Volume 95, Issue 49

Wednesday, November 28, 2001
Search the Archives:
Tips for searching

Campus and Culture
Submit Letter
Contact Us
About the Gazette


Songstress Emm Gryner pours some sugar on fans

Black Knight defends movie with humour

Laugh nothing more than raunch

Disc of the Week

Bones one bad brotha'

Disc of the Week

Gorky's Zygotic Mynci

How I Long To Feel That Summer In My Heart

Mantra Recordings

Immediately after listening to Gorky's Zygotic Mynci's seventh album, How I Long To Feel That Summer In My Heart, you might have an irresistible urge to listen to it again.

So do it, but don't be surprised if the urge repeats itself again and again.

To make a long story short, this is a great record by a great – albeit overlooked in North America – Welsh band.

The record, a brilliant bit of countrified Brit-pop, is a concept album centering on memories of a summer relationship. Lushly orchestrated (including choirs, brass and strings), it has a psychedelic feel, from its opening cymbal crash with twin guitars to its Ben-Folds-meets-the-Beach-Boys outro.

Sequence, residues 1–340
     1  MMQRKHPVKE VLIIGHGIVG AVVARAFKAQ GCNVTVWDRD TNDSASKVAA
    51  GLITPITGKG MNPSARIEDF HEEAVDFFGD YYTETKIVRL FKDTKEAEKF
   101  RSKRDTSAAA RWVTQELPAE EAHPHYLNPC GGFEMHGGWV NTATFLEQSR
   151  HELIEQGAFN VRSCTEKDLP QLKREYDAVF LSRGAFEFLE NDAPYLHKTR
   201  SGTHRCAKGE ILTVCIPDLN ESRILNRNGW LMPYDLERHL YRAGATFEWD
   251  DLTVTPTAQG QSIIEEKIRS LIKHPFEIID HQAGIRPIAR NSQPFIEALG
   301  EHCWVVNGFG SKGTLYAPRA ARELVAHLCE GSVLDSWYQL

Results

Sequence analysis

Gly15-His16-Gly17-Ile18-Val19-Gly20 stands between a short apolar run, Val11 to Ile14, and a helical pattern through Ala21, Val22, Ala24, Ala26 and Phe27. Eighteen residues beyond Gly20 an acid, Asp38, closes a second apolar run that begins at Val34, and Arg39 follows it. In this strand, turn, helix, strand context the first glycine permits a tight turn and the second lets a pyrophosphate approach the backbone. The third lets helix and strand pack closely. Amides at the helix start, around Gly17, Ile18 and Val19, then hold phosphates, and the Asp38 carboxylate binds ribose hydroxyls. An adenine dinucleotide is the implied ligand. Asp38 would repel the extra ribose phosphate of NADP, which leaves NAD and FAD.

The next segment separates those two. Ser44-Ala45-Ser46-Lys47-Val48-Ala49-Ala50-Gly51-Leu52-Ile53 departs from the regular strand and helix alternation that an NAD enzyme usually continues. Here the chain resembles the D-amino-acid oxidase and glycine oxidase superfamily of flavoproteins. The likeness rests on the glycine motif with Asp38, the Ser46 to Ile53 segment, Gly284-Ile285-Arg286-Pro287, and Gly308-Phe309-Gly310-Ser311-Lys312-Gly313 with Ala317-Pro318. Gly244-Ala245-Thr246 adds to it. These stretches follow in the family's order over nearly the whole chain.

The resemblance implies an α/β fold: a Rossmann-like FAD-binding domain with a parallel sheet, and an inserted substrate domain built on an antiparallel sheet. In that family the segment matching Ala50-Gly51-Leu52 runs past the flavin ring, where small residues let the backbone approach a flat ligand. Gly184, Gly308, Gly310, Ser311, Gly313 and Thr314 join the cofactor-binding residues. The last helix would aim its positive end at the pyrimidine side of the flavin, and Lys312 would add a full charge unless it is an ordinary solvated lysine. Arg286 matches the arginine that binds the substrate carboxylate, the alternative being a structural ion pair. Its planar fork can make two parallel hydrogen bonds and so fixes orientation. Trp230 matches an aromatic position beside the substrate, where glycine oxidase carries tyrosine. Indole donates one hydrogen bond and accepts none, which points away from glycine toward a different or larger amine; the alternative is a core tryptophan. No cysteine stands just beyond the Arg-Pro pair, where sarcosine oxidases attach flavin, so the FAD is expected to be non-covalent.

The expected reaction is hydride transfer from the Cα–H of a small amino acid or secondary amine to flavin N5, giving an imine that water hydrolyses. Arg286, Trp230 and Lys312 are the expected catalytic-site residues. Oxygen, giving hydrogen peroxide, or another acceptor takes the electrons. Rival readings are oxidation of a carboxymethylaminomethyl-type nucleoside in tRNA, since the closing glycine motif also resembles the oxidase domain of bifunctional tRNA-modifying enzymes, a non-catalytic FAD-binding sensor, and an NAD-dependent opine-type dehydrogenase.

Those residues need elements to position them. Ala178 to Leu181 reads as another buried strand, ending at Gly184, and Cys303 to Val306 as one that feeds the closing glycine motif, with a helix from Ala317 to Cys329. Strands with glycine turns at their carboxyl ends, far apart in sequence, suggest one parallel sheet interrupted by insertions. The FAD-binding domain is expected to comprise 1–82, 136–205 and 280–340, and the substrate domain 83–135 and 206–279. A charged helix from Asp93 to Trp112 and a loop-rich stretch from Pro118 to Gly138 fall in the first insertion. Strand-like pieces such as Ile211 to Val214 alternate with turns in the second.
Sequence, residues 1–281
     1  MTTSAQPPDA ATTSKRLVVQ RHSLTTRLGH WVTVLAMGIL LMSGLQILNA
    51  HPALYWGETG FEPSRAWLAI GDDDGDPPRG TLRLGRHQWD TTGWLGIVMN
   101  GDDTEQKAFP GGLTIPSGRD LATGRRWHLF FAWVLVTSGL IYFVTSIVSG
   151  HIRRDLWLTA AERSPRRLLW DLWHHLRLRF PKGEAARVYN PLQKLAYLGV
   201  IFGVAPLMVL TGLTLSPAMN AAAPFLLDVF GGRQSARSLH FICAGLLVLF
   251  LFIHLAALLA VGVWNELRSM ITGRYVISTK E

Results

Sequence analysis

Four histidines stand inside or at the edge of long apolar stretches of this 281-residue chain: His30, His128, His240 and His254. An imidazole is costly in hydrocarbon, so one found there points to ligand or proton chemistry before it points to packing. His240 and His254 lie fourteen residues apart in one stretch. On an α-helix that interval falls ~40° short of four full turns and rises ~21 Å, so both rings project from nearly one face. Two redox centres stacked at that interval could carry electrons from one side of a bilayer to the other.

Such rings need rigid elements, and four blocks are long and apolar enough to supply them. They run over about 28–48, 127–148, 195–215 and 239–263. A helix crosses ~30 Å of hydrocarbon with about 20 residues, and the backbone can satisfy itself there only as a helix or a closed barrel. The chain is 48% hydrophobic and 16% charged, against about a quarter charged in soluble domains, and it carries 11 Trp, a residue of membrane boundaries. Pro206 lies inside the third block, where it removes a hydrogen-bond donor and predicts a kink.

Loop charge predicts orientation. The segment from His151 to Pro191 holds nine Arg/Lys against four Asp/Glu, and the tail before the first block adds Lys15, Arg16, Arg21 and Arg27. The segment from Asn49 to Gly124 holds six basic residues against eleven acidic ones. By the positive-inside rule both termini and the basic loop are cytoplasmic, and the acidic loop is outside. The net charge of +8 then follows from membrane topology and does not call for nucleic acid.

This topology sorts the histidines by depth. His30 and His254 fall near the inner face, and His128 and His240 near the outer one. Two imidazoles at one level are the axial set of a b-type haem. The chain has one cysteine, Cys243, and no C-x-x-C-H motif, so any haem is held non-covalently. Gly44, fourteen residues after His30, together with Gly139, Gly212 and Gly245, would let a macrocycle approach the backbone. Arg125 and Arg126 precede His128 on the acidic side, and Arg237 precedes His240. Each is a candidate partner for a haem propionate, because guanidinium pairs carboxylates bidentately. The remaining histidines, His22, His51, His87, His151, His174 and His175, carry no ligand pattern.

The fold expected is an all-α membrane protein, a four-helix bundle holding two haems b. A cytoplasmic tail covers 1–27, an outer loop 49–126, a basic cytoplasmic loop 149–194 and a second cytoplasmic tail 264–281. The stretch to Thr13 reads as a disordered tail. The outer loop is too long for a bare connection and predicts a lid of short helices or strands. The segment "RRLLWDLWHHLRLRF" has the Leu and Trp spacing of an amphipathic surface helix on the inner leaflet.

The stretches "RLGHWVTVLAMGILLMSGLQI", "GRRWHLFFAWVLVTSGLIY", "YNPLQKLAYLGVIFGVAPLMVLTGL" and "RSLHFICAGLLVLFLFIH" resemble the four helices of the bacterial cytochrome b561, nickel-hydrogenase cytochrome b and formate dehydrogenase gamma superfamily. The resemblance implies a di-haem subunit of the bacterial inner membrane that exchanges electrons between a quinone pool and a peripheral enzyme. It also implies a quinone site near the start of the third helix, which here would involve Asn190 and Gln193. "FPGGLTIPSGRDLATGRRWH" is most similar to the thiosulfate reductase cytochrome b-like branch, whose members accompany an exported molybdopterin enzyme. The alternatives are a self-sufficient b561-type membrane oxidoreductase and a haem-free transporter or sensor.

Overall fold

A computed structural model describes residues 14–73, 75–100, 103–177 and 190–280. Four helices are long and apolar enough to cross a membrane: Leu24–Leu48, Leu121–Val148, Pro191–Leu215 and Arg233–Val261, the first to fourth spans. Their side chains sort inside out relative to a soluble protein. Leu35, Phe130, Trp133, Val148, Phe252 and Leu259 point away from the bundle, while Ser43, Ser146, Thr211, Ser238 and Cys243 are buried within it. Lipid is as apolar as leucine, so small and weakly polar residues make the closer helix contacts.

Although the Gorkys are strongly influenced the glorious Brit-pop tradition, they add some twang to the mix, especially with the Grateful Dead-esque harmonies on "Honeymoon With You." This amalgamation creates a melodic sound on par with contemporaries like the Beta Band and Supergrass.

Although the Gorkys are great at combining their various influences, they are at their best on the three-movement "Christina," the most original and complex piece on the album.

This epic moves from a spacey opening to laid-back pop, complemented by occasional violin bursts and a bare piano interlude that builds to a repeating coda of "you say I'm to blame/I was fed by you."

"Can Megan" is a track that, at first, sounds like a Belle & Sebastian tune. Fortunately, it quickly breaks out on its own with the addition of horns and even makes use of some Motown harmonies.

At times, however, the dense orchestration of How I Long To Feel That Summer In My Heart causes problems – most notably, some of the many violin reels unnecessarily floating above the mix.

Overall, the record has a great feel to it – a neo-psychedelic concept album that will be sure to cure winter any longings for summer.

–Jonathan Altman

To Contact The Arts and Entertainment Department:

Copyright The Gazette 2001